The new $65 million Berkeley City College was supposed to be a state-of-the-art education facility. So why is the school district paying three guys $13,500 a month to act as human fire alarms?
Enter the building’s atrium and look up, you’ll see them: the college’s “firewatch monitors” perched on the fifth floor keeping an eye on everything. Once every hour they walk through the building making sure there are no safety hazards, checking that classroom doors are closed per city fire regulations, and, of course, sniffing for smoke. “Our presence here is a soothing fact to a lot of the teachers,” says firewatcher Lloyd Harmon.
What isn’t soothing is the dysfunctional electronic alarm system. Since the school opened in August, numerous false alarms have been disrupting classes. When they go off, the whole building has to be evacuated while the fire department makes sure there’s no fire. Deputy Fire Chief David Orth says there have been fifteen false alarms since the school opened. Harmon and his fellow morning crew members, Alex Dantzler and Robert Hartfield, say it’s usually dust from ongoing construction that sets ’em off.
Oh, right: Almost forgot to mention that the new campus isn’t finished, which accounts for the various operational kinks. But with all the headaches the alarms have caused, some wonder whether it was wise to start classes before construction was complete. “They’re in an unfinished building and there are people [being evacuated] not knowing if there’s a fire or not,” says Debra Weintraub, president of the teachers’ union.
In August, when it became clear contractors couldn’t finish the necessary compliance testing, the fire marshal instructed Peralta Community College District officials to post blaze monitors during classes. The district hired Kirk Security for the task on a month-to-month basis.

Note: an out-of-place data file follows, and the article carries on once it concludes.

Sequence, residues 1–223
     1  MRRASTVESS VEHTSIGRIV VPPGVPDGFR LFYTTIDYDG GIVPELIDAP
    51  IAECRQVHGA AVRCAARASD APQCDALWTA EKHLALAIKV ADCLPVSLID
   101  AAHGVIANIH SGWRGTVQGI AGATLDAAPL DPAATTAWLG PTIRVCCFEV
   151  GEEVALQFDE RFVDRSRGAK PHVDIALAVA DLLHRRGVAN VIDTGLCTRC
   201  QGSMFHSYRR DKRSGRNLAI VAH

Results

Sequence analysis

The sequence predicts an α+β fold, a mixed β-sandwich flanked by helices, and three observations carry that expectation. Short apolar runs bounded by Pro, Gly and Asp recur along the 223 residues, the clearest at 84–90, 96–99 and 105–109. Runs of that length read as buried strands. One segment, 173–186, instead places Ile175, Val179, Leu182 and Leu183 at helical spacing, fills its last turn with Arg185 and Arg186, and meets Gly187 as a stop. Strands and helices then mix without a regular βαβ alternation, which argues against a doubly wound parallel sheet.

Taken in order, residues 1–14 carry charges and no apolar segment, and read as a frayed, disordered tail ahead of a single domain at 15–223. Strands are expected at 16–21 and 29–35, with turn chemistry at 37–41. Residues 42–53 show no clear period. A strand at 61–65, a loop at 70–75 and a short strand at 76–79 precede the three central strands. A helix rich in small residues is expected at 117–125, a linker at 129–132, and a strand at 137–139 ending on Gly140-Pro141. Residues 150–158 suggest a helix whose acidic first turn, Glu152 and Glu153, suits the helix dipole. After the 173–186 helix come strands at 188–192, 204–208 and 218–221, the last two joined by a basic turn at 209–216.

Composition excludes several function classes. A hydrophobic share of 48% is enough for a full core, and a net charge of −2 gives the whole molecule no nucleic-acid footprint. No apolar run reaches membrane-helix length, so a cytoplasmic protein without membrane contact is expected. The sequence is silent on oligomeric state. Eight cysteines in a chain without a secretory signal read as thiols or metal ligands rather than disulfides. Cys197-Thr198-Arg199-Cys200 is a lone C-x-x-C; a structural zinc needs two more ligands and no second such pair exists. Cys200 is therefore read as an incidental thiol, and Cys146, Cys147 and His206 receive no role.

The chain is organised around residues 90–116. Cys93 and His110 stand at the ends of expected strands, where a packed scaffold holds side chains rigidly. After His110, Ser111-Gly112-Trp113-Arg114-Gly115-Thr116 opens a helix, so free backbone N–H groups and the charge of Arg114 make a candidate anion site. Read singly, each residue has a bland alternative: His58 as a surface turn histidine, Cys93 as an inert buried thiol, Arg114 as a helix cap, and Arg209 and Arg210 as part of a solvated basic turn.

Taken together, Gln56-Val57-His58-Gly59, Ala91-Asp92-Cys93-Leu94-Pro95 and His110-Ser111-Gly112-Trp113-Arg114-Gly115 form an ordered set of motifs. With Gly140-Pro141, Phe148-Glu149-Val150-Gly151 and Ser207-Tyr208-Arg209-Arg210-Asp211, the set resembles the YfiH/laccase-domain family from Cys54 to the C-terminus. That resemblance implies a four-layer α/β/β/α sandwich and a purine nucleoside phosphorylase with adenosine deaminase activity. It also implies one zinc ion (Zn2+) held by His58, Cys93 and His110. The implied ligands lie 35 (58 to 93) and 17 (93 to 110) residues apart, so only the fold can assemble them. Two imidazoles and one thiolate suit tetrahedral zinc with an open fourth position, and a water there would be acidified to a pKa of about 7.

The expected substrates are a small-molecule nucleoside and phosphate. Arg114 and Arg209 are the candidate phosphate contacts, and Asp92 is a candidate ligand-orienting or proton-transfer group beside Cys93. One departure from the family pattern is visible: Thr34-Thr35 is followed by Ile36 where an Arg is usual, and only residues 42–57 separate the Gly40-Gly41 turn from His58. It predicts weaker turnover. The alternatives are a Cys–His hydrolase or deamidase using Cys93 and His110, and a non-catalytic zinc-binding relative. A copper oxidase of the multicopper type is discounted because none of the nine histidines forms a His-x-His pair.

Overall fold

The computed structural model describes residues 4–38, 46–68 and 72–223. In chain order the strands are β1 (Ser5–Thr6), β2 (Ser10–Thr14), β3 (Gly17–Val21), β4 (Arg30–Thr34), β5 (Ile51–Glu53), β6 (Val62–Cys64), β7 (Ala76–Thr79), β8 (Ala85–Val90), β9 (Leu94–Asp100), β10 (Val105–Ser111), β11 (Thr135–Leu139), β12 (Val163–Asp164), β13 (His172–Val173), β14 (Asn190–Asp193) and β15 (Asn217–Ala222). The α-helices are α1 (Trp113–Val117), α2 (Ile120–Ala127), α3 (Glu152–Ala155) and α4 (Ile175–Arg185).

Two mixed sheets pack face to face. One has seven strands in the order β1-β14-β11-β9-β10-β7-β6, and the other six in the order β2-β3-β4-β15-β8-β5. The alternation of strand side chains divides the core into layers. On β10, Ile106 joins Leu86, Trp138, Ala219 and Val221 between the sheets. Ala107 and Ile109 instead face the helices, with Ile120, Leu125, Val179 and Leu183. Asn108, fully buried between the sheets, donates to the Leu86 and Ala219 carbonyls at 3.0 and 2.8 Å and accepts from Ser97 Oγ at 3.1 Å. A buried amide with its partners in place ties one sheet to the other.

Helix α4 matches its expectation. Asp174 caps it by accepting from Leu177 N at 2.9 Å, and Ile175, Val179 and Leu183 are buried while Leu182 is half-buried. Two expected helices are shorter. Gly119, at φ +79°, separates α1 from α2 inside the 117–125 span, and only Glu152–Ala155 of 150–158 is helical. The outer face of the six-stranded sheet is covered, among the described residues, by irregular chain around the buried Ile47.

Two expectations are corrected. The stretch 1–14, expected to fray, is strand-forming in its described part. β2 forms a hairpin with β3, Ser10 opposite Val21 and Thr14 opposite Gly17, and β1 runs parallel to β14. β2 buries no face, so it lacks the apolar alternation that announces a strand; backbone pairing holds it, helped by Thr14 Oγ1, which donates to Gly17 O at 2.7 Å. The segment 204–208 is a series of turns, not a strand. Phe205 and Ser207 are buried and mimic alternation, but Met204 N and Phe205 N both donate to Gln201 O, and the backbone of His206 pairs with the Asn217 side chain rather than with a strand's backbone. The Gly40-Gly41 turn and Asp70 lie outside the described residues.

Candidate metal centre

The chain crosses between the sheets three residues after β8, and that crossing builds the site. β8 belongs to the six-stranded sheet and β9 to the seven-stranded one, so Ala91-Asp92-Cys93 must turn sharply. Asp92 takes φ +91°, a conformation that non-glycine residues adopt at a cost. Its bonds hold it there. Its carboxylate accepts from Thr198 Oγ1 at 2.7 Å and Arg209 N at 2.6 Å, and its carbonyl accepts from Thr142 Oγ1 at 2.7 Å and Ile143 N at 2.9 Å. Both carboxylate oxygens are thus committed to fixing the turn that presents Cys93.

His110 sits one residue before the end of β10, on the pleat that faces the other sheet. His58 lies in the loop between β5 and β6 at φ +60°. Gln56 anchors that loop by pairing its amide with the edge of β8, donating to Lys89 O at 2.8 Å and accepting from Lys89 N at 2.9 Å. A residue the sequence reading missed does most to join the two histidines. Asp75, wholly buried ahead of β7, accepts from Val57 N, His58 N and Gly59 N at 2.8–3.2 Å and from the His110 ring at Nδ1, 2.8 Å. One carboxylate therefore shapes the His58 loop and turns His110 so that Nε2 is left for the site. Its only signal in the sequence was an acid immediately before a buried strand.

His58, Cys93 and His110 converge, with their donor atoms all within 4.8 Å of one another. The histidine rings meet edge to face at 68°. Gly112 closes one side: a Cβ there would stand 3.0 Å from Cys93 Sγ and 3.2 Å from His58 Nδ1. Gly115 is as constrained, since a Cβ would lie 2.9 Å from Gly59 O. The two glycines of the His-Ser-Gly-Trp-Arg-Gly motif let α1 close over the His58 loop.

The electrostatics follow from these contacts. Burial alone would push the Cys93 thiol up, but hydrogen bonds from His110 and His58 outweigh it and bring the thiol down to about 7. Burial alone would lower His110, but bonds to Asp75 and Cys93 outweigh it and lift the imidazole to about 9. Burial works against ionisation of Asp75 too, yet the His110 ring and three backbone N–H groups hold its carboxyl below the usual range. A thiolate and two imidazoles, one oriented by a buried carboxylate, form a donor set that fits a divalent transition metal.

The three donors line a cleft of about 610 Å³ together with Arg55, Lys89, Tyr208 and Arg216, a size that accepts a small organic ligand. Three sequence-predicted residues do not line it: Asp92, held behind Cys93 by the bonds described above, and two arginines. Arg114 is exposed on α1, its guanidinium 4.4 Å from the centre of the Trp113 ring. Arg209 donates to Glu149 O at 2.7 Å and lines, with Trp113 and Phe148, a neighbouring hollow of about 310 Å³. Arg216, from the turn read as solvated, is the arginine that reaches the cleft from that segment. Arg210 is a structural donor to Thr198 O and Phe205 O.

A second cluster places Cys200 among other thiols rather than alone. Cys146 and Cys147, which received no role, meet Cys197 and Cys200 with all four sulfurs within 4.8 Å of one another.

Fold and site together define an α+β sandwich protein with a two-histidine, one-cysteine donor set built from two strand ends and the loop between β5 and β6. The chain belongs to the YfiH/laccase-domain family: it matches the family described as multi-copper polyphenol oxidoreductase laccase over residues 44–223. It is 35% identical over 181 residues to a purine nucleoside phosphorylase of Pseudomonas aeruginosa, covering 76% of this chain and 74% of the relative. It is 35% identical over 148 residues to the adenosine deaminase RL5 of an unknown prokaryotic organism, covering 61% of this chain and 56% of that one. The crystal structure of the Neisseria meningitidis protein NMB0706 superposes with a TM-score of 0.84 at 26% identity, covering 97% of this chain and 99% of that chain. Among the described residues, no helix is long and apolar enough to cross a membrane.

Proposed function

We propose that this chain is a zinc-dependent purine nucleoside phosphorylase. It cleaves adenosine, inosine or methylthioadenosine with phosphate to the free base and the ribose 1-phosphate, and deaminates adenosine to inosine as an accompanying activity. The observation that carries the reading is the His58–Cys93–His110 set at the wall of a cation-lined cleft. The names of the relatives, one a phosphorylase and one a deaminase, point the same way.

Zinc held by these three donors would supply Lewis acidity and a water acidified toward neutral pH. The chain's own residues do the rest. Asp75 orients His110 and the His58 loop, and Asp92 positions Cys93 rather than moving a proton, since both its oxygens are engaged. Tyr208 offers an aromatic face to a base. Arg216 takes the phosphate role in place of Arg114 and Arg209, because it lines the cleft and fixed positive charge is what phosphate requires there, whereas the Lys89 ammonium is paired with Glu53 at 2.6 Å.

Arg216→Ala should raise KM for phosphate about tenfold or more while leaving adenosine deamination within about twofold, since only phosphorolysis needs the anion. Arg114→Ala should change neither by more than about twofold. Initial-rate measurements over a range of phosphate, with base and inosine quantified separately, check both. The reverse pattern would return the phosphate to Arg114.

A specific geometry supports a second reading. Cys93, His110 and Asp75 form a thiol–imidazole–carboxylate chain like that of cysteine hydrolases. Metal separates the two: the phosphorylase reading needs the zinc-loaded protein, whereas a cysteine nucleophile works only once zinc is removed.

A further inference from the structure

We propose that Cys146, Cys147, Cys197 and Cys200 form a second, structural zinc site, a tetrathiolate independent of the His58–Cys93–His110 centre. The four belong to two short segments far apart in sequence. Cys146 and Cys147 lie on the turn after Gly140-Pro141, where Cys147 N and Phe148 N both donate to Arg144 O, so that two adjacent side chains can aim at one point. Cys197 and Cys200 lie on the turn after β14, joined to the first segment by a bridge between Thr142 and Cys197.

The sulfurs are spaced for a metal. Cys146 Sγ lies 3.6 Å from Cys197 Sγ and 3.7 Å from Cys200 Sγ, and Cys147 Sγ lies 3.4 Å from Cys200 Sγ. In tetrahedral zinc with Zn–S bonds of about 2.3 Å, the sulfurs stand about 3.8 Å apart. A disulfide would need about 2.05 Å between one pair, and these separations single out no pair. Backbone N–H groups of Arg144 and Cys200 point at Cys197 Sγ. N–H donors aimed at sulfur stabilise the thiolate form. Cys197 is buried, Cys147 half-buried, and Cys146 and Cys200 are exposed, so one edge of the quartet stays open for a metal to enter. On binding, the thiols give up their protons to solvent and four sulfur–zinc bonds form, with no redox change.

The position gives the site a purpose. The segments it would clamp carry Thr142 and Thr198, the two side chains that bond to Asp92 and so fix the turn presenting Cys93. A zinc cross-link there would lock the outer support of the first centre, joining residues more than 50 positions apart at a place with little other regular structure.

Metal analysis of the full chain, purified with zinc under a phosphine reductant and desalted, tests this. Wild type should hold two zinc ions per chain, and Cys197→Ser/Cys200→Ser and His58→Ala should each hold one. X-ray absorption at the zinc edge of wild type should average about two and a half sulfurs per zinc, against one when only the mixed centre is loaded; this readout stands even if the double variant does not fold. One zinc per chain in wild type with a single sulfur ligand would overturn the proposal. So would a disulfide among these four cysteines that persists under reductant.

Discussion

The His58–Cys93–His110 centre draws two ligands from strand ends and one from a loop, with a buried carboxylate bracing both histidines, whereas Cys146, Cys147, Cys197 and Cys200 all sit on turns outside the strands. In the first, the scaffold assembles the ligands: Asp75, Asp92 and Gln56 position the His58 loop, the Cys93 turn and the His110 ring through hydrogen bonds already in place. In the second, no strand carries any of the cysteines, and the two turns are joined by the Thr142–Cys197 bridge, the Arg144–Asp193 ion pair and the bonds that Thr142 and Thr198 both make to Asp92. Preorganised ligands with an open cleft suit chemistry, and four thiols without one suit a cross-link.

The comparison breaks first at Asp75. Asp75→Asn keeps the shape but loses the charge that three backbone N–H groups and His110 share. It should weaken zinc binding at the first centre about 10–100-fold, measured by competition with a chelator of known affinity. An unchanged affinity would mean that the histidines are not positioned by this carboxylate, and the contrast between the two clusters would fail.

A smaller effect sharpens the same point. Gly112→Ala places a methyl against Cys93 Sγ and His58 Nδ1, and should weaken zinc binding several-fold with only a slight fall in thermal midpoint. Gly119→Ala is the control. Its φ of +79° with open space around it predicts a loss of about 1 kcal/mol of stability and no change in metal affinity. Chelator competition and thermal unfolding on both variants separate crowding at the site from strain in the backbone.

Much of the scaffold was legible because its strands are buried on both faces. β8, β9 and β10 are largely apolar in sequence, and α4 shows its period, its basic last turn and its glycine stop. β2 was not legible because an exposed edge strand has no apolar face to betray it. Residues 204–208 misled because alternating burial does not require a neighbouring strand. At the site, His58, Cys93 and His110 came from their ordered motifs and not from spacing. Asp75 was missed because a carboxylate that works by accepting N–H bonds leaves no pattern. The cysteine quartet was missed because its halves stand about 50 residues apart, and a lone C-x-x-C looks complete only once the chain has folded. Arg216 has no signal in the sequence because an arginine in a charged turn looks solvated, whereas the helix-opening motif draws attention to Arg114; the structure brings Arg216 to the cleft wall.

Why didn’t the district just continue to lease the old Vista College building on Milvia Way until the new building was ready? Shirley Fogarino, Berkeley City College spokeswoman, says the lease had expired and the landlord wanted to charge $100,000 a month. But Jeff Heyman, spokesman for the entire four-college district, says that wasn’t the primary reason for the premature opening. With all the past squabbling over the new Berkeley campus, Heyman notes, school officials wanted to keep their word and open on deadline. “If we delayed it, people would have said, ‘Hey, they’re dragging their feet,'” he reasons.
Now they’re just cooling their heels every time the alarm gets tripped.
What? No Snitch Here.
Who’s lying — the FBI, or its star witness in the bureau’s Oakland corruption case? That’s the question some are asking after the informant, Oakland businessman Donald Cooper, left a phone message for a city employee last month contradicting the feds’ official version of events.
In the official version, Cooper walked into the FBI’s Oakland office in April 2005 and spilled his guts. He told agents an acquaintance with connections inside City Hall was trying to extort money from him. The FBI then had Cooper wear a wire and taped his cell-phone conversations with his permission. Those tapes purportedly contain smoking-gun moments such as when Cooper’s politically connected acquaintance, Maurice Himy, demanded $65,000 from him in exchange for helping him land a contract auctioning off surplus city property like old cars. If Cooper didn’t pay, Himy purportedly threatened to get the deal killed.